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On March 16, Prime Minister Justin Trudeau announced that Canada would be closing its borders to non-residents. This development in the COVID-19 story left Canadian airlines in a state of limbo, as it became clear that business would be sharply affected by the pandemic and its resulting fallout.
For most Canadian carriers, focus shifted from transporting customers to international destinations, to bringing Canadians home from abroad — answering the call to serve the public in the face of the crisis. Sunwing Airlines was one of the first to step up.
On that initial morning of the 16th, Sunwing announced it would be repatriating over 500 Canadians on four flights that day alone. By the following Monday, Sunwing had brought home over 60,000 Canadians on over 400 flights, including over 3,300 stranded Canadian non-Sunwing customers for free.
Skies chatted with Len Corrado, Sunwing’s vice-president of Commercial Operations, to understand how these flights were handled — from the swift planning stage to the measures taken by passengers and crews to avoid spreading the virus.
For Sunwing, there was no doubt the carrier would step up and help during the crisis. “It’s the Canadian thing to do. We help out,” said Corrado.
According to him, the government’s guidance and assistance in the lead-up to the border closure helped to make repatriation efforts run as smoothly as possible.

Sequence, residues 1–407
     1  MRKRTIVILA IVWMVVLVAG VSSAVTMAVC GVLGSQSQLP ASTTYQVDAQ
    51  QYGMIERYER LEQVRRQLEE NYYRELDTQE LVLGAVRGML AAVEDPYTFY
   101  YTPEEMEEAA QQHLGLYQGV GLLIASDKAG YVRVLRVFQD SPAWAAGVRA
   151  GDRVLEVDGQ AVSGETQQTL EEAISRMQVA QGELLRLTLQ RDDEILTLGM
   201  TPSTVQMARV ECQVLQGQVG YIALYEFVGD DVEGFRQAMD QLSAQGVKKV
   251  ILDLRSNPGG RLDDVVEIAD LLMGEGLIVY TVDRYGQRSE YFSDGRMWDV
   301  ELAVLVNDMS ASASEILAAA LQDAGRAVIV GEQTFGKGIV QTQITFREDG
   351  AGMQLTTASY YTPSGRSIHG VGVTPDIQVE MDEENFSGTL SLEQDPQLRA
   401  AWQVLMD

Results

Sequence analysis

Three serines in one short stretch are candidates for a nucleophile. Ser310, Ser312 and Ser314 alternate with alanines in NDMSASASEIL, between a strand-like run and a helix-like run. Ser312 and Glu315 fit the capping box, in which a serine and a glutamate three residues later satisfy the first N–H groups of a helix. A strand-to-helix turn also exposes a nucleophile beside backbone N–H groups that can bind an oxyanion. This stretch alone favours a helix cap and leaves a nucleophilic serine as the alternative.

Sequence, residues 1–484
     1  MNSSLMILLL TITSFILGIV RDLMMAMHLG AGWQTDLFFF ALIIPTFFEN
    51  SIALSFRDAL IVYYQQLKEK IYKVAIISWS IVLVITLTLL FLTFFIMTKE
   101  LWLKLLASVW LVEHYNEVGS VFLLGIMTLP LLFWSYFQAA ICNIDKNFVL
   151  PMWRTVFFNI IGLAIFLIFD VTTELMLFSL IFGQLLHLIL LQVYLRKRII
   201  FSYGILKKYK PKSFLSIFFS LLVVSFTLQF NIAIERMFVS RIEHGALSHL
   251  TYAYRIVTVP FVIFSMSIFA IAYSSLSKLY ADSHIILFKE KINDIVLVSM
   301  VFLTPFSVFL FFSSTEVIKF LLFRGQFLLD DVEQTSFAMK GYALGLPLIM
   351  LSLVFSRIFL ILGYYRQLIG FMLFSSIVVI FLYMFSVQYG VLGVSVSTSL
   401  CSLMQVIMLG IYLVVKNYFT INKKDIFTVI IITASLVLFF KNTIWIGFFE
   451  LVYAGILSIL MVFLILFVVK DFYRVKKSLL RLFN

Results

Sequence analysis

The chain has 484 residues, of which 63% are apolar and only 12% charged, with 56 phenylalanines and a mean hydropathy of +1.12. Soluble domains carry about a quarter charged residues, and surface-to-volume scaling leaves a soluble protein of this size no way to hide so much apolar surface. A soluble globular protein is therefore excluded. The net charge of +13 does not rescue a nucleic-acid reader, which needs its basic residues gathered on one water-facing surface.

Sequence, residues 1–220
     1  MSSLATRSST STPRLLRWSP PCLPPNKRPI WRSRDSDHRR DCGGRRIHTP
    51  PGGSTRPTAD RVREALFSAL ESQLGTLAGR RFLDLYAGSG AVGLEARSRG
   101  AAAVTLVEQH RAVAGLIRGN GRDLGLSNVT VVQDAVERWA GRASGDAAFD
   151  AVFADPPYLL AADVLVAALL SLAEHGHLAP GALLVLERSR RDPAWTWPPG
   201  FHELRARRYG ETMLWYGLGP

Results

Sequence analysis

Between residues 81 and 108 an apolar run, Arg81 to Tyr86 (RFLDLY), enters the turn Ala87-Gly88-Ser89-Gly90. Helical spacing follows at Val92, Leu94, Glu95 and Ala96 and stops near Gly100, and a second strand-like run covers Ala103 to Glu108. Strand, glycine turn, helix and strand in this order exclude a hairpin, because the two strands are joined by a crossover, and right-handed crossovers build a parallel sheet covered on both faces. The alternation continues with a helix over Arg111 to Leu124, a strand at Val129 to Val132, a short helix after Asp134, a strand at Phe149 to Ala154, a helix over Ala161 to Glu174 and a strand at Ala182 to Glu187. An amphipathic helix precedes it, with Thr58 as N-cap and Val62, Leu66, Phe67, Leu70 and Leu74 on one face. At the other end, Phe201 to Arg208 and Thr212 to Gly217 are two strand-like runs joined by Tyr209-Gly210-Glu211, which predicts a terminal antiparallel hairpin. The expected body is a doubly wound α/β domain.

“The Canadian government, and all branches of government, whether it’s Transport Canada, public health, policy, were phenomenal through this,” he explained. “The communication leading up to this and their availability to assist and support us with the required emergency protocols and clarifications as well as their ability to intervene and give us direction was phenomenal. There was an overall collaboration in government that was fantastic.”
After receiving Transport Canada guidelines on how to handle passengers during the crisis — including limiting cabin service and an enhanced effort to enforce infectious protocol standards — the airline went to work.
Sunwing’s repatriation flights, according to Corrado, were based on the airline’s existing schedule and planning involved collaboration with the airline’s partners to ensure proper communication between customers, ground handlers and airport employees about the next steps to bring Canadians home.
Since Sunwing is a vertically integrated travel company, and is more than strictly an airline, it was well suited to get the message out. The company operates transfer bus services in its destinations and has destination representatives stationed at the hotels in its network, allowing stranded passengers to access the information they needed to get to the airport in a prompt, safe manner.
“We let our passengers know that we’re with them every step of the way,” Corrado said, “They were well informed about what was going on and what our plans were, and for people who were there for a longer stay, it was easy to get ahold of them and say, ‘Hey, we know you’re staying an extra week but with the situation being what it is, you should get home and here’s the flight you need to get to.’ So, that’s a huge advantage for us in these sorts of situations.”